Jackie has a PhD in environmental history from the University at Albany, State University of New York. Her dissertation, "Coastal Parks for a Metropolitan Nation: How Postwar politics and urban growth shaped America’s shores," examined the federal government's concerted effort to turn private coastal lands into public parks in the 1960s.
She is now working to turn this dissertation into a book. She is also exploring ways to apply this coastal conservation research to present-day coastal policies, especially in the wake of rising sea levels and increasingly severe storms due to climate change.
Jackie has worked with the National Park Service (NPS) at Cape Cod National Seashore, Manzanar National Historic Site, and Chickamauga and Chattanooga National Military Park. Her original work with the NPS was with a UNPEPP grant at the Indiana Dunes National Lakeshore. She has worked as a public historian and naturalist in these positions and conducted work ranging from canoe tours to cannon firing to oral histories.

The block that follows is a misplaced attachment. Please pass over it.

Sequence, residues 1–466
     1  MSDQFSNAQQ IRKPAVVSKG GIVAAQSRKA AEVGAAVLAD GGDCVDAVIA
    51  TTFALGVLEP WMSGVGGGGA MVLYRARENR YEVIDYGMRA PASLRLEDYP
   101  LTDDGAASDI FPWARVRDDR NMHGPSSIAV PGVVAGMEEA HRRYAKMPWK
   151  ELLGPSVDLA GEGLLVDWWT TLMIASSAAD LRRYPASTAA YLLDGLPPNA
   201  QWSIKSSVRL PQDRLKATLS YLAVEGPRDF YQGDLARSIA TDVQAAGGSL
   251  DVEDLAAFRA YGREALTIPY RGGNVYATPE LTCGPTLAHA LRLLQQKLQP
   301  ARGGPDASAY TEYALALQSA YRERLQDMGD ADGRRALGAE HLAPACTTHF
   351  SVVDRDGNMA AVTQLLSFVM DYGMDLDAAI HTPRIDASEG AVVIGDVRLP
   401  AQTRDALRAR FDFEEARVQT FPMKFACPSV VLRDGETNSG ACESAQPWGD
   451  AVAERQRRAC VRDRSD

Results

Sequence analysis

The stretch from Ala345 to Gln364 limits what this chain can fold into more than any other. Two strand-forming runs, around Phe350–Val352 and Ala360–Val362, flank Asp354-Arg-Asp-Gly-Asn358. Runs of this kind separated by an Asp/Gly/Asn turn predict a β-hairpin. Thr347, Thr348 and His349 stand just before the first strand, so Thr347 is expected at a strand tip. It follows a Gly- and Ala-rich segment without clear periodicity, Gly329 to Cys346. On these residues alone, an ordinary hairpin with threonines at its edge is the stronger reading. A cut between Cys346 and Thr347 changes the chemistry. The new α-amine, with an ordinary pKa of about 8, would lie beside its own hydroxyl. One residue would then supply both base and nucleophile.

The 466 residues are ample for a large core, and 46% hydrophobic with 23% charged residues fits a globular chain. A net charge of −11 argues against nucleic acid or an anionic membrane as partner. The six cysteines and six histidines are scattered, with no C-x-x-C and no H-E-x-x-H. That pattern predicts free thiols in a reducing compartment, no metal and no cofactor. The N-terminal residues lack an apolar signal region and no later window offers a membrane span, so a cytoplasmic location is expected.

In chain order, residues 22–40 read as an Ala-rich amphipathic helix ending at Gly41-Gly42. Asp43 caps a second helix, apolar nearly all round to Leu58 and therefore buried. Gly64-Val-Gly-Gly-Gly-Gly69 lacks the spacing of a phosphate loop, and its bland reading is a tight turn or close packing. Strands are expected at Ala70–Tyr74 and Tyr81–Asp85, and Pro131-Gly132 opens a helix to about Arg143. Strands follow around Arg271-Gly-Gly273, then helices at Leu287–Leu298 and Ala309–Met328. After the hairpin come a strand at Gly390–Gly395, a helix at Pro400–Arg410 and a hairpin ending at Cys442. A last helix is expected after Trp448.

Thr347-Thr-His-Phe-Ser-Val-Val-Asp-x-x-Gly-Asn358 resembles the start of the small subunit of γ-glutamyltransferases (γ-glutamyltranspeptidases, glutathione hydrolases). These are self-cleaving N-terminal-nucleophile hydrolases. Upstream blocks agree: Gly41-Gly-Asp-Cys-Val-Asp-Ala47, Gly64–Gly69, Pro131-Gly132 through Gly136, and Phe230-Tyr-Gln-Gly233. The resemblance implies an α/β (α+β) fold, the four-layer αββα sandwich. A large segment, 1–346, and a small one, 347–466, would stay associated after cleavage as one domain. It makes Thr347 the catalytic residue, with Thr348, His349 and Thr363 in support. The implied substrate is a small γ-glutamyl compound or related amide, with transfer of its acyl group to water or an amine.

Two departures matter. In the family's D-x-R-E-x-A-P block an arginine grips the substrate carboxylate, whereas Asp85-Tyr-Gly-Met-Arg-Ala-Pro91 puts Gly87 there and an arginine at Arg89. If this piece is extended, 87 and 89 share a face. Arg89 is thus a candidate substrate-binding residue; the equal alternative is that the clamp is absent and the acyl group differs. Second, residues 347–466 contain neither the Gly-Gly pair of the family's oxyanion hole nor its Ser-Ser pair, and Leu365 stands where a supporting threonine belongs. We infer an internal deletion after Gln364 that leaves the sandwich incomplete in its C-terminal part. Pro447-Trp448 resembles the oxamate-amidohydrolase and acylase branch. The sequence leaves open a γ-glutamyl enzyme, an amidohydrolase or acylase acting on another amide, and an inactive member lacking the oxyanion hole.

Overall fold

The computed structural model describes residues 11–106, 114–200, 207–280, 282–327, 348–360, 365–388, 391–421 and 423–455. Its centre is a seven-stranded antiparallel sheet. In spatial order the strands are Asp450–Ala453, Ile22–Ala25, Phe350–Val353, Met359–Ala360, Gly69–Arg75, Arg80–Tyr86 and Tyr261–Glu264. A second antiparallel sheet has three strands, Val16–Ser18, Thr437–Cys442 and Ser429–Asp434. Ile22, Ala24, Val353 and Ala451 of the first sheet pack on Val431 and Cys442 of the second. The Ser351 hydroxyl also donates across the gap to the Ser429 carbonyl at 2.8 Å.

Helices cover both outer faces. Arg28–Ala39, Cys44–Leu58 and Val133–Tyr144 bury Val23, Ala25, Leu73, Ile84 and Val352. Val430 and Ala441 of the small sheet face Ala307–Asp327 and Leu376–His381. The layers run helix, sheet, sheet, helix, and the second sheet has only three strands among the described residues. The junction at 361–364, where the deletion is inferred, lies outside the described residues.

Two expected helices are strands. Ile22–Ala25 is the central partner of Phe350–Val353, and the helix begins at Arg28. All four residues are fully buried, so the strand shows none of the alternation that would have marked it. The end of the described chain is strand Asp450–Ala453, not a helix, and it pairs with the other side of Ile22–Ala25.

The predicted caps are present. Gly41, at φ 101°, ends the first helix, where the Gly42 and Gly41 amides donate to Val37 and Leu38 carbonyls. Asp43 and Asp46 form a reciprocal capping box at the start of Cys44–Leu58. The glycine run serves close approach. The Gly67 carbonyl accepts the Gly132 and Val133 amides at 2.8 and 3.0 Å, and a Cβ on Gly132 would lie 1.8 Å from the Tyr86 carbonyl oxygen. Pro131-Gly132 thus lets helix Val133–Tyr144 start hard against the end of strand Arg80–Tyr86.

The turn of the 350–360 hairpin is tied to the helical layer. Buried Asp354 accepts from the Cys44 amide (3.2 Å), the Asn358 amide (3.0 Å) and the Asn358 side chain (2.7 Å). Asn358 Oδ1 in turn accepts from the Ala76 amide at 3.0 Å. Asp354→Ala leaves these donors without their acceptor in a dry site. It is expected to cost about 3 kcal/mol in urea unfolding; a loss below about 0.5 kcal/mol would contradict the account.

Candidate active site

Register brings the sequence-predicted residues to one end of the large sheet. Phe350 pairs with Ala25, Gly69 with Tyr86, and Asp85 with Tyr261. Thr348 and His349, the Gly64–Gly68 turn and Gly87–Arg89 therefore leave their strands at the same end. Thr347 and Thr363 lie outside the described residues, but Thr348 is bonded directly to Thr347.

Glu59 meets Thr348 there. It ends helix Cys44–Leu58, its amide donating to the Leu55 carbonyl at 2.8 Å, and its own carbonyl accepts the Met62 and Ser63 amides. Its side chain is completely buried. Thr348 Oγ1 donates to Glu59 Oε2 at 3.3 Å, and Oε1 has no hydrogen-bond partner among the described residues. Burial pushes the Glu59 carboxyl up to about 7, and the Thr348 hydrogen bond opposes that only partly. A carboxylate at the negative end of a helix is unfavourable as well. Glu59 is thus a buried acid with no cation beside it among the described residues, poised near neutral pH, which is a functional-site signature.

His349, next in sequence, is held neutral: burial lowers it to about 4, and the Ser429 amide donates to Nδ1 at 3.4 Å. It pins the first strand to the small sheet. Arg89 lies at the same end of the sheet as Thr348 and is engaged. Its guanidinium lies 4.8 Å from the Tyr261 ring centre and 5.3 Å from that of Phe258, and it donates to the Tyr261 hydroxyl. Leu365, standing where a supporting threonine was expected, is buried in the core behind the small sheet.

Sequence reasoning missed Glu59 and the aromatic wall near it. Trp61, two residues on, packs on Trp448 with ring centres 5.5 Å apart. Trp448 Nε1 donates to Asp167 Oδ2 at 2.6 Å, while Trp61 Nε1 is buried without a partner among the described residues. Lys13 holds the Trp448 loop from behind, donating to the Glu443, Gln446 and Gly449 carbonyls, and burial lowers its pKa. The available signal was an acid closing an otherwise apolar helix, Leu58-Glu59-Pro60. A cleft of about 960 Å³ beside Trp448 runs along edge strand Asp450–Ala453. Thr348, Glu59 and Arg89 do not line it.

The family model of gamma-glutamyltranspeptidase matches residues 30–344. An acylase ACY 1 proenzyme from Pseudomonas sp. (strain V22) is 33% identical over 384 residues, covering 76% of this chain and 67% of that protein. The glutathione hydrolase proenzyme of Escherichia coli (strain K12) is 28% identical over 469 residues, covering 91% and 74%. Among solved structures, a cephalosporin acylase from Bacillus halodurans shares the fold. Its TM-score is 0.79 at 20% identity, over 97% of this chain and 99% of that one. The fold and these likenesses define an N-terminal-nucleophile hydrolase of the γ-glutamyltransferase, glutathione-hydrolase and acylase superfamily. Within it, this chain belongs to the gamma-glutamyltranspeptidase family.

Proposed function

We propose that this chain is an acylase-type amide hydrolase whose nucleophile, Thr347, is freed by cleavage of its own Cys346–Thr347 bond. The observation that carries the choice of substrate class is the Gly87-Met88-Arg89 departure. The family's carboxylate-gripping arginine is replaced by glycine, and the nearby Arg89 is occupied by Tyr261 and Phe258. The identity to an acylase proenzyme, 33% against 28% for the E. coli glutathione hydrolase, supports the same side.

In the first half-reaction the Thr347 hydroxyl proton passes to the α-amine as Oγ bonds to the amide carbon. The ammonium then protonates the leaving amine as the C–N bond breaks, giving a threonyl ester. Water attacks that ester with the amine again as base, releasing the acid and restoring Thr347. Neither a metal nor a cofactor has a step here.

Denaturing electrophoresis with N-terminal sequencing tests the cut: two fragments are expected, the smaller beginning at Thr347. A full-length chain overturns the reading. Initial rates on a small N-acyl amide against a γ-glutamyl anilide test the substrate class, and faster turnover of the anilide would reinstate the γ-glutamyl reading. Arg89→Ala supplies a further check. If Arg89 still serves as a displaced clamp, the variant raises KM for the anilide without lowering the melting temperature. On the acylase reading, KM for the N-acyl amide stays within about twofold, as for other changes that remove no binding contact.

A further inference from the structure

In Albany, Jackie worked in public policy for several years. She spent two years at Parks & Trails New York, New York's leading statewide voice for parks and trails, dedicated since 1985 to improving New Yorkers' health, economy, and quality of life through the use and enjoyment of green space. She coordinated a statewide grants program funded through New York's Environmental Protection Fund, spearheaded federal advocacy on public lands issues, assisted with the planning and implementation of statewide events like I Love My Park Day, and worked on bike and pedestrian advocacy issues along with partner organizations.
Jackie grew up in Lawrenceville, Georgia and completed her Bachelor of Arts at the University of Notre Dame. She currently lives in Seattle, Washington, where she works as an historian with the consulting firm Historical Research Associates, Inc.